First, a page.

Unsettled Christianity

Gloria Dei homo vivens – St Irenaeus
January 3rd, 2014 by Joel Watts

Pope Francis and Fundamentalism

“It is not a good strategy to be at the center of a sphere. To understand we ought to move around, to see reality from various viewpoints. We ought to get used to thinking. I often refer to a letter of Father Pedro Arrupe, who had been General of the Society of Jesus. It was a letter directed to the Centros de Investigación y Acción Social (CIAS). In this letter Father Arrupe spoke of poverty and said that some time of real contact with the poor is necessary. This is really very important to me: the need to become acquainted with reality by experience, to spend time walking on the periphery in order really to become acquainted with the reality and life-experiences of people. If this does not happen we then run the risk of being abstract ideologists or fundamentalists, which is not healthy.”

This is from an interview published recently. It can be found here.

So fundamentalists have lost touch with reality…



Joel Watts
Watts holds a MA in Theological Studies from United Theological Seminary. He is currently a Ph.D. student at the University of the Free State, analyzing Paul’s model of atonement in Galatians, as well as seeking an MA in Clinical Mental Health at Adams State University. He is the author of Mimetic Criticism of the Gospel of Mark: Introduction and Commentary (Wipf and Stock, 2013), a co-editor and contributor to From Fear to Faith: Stories of Hitting Spiritual Walls (Energion, 2013), and Praying in God's Theater, Meditations on the Book of Revelation (Wipf and Stock, 2014).


4 Responses to “Pope Francis and Fundamentalism”
  1. “Fundamentalism” is one of those dangerous, undefined words that can be too many shades of a color. Everytime someone says “Fundamentalists are. . .” or “Liberal agenda . . . ” or anything like it, I cringe.

    But I applaud the sentiment of broadening intellectual horizons without being “open-minded,” which is worthless. I applaud being certain of certainty, with humility and open eyes.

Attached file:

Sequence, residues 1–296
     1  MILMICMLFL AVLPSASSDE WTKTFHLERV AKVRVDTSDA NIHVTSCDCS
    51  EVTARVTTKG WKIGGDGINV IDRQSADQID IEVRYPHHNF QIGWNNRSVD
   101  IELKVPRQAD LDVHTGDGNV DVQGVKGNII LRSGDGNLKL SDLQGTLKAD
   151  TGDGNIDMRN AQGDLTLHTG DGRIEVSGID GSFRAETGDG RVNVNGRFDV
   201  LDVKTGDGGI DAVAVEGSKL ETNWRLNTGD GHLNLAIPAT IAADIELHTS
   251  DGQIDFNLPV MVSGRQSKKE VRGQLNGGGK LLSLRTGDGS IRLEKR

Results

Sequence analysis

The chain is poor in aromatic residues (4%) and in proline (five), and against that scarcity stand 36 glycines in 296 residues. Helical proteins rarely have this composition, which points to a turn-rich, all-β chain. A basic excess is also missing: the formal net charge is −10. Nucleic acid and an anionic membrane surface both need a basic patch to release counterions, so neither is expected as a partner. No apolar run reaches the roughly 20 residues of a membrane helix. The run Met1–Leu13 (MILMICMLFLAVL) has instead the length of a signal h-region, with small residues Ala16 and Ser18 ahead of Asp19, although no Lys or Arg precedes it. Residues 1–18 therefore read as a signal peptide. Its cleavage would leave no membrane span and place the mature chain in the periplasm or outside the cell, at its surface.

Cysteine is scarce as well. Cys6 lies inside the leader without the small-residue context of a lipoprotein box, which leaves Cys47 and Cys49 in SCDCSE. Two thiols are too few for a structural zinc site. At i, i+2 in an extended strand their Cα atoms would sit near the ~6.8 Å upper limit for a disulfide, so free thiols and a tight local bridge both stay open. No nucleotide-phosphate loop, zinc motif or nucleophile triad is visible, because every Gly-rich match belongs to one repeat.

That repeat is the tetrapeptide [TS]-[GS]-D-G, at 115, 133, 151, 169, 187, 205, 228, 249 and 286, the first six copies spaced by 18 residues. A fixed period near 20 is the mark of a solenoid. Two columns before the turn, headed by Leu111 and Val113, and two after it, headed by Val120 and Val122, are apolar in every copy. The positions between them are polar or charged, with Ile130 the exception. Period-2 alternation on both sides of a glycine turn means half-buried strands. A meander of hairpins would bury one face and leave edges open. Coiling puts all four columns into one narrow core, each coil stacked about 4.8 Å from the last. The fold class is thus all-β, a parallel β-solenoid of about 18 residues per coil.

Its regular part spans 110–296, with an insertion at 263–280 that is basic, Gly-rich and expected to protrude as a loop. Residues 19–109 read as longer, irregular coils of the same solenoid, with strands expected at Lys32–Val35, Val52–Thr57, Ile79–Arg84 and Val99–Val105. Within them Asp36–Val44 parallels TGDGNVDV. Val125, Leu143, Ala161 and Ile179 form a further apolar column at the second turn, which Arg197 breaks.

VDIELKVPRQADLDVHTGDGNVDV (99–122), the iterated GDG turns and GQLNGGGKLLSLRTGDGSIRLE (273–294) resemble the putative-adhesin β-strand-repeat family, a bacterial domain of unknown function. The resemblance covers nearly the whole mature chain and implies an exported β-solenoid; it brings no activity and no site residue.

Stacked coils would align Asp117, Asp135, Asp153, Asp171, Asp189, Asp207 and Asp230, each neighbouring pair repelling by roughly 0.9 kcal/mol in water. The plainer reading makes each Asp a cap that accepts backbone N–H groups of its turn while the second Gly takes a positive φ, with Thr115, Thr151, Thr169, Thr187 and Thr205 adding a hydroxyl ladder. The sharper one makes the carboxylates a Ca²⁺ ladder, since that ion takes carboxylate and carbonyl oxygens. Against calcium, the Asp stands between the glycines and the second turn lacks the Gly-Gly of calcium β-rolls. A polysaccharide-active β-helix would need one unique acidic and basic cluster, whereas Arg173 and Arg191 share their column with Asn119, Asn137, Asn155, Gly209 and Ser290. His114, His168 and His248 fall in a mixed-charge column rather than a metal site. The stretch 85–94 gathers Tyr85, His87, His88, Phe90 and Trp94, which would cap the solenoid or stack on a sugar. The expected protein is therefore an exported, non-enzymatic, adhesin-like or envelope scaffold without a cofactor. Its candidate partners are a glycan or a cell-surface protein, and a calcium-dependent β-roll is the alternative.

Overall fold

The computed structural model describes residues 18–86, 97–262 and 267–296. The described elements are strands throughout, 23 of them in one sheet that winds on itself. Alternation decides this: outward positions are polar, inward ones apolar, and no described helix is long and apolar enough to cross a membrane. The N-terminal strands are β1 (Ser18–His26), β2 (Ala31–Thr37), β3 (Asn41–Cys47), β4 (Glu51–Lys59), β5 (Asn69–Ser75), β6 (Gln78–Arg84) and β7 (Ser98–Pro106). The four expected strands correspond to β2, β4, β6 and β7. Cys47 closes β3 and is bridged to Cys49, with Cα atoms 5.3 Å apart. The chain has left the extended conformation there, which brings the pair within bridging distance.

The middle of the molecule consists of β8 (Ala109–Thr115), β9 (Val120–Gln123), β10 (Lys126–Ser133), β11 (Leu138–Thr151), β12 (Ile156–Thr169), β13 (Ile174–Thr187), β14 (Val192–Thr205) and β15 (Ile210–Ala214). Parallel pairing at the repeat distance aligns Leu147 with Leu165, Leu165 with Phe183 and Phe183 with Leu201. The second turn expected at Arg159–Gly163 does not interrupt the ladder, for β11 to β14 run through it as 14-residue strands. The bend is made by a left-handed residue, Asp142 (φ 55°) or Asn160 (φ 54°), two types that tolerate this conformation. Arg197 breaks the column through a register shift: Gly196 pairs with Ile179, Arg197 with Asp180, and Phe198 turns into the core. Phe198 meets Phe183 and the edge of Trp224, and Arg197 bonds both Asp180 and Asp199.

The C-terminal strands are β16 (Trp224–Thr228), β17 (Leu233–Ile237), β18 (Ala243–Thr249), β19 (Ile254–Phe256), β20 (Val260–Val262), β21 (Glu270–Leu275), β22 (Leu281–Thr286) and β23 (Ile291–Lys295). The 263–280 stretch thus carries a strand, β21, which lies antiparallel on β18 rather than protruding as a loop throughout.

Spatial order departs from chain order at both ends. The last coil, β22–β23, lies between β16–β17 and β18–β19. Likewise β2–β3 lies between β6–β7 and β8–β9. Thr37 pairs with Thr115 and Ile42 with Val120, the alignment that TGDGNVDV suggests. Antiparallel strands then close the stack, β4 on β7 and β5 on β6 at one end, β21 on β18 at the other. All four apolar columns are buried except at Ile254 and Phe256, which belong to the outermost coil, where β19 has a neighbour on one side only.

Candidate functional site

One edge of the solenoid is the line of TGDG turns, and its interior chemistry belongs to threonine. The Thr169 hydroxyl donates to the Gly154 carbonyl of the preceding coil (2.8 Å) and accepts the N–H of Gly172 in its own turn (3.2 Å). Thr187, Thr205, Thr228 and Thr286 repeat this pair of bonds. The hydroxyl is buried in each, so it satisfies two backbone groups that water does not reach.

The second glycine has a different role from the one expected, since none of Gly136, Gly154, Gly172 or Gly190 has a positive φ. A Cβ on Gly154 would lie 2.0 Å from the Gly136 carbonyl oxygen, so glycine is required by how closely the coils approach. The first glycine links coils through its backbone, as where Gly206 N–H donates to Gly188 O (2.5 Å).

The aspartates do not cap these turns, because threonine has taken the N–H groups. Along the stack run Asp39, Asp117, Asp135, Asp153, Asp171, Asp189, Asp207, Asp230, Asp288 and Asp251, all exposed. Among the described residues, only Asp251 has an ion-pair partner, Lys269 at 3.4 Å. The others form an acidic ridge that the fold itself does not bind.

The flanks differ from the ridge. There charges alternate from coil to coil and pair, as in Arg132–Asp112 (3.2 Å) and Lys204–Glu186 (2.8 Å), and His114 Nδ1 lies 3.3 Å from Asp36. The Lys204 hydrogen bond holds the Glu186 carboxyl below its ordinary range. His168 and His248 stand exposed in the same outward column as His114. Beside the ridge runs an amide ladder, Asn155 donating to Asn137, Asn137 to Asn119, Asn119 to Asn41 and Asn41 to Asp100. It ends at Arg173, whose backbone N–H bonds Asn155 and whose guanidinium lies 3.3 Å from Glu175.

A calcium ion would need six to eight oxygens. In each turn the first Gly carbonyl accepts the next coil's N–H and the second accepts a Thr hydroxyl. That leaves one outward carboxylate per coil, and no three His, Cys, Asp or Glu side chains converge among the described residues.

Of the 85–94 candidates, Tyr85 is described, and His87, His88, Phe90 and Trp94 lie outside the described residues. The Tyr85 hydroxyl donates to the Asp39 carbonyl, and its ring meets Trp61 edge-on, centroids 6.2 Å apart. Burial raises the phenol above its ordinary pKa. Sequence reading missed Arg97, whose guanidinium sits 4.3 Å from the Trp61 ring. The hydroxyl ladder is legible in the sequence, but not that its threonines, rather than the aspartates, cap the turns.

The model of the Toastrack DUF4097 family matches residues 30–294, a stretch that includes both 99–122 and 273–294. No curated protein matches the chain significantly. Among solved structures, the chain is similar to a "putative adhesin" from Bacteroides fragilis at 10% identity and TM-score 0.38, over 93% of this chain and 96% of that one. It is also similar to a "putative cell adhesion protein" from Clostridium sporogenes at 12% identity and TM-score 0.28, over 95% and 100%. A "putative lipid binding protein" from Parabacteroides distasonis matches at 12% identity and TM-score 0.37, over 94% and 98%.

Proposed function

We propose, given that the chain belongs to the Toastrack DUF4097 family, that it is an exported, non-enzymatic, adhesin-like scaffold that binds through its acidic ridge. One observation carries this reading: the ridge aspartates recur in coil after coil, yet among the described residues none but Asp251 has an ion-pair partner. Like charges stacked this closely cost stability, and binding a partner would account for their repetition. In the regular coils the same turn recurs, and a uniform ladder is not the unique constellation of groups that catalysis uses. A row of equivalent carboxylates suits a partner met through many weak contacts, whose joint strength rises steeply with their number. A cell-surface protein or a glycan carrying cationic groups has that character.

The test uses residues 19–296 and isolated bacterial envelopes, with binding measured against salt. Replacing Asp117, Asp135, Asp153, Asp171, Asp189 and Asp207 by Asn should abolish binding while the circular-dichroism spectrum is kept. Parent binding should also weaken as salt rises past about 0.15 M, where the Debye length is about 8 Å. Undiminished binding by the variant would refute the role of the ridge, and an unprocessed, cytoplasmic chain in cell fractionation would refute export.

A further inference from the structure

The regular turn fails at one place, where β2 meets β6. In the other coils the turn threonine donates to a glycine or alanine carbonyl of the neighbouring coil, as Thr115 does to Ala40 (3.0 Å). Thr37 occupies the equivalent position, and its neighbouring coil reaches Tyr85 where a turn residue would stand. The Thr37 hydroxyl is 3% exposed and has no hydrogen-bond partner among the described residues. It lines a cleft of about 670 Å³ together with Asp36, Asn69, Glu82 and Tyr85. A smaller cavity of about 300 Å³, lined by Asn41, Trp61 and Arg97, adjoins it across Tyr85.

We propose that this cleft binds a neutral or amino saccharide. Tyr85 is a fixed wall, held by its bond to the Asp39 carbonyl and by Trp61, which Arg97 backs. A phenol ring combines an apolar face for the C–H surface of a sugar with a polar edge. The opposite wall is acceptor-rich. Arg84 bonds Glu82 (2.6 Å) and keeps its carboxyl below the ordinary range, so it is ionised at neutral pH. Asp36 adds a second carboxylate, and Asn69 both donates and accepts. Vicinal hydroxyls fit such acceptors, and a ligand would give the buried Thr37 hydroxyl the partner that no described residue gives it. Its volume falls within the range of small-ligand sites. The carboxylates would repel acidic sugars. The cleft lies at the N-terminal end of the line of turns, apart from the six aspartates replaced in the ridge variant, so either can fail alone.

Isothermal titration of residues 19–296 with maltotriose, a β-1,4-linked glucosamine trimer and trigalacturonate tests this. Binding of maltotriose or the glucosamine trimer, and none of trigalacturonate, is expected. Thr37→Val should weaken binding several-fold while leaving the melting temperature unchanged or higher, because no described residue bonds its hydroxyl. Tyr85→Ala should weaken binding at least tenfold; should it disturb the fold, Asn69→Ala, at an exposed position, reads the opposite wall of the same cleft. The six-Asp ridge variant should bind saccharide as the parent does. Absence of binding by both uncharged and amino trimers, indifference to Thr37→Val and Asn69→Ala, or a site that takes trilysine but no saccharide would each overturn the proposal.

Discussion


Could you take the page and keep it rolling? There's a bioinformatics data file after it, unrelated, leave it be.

• I agree that the terms are a bit… open. It would appear that Fundamentalism as defined by the Pope are those people who cannot consider another position, but stays in one state all the time.

      • I heard a sermon last Sunday in church. On Psalm 103. How God loves us. I saw the program, and wondered how it would be covered. True to form, the pastor conveniently forgot to mention God loves you, “if you fear him”, which is the part I wanted to hear. To me, fundamentalists fear God, because they are hung up on the OT, and therefore want to go around judging everyone, and want to tell everyone else what they should do, instead of paying attention to what they are doing.

    • For a while, the word ‘Fundamentalism’ has become like the word ‘Socialism’ in that it is used as a pejorative. And whatever technical meaning it does have pertains to personality traits rather than beliefs.

      But when we look at who Fundamentalists were when they first used the term to identify themselves, there are possible problems that are partially identified by what the Pope said here. His complaint is that Fundamentalists don’t spend enough time listening to the facts on the ground broadcasted by real people. And considering our emphasis on inerrancy and our love of ‘sola scriptura,’ it is not difficult to see how legitimate fundamentalists act like ideologues by using only a book to define everything in life. It is an error that Fundamentalists like myself must be aware of.

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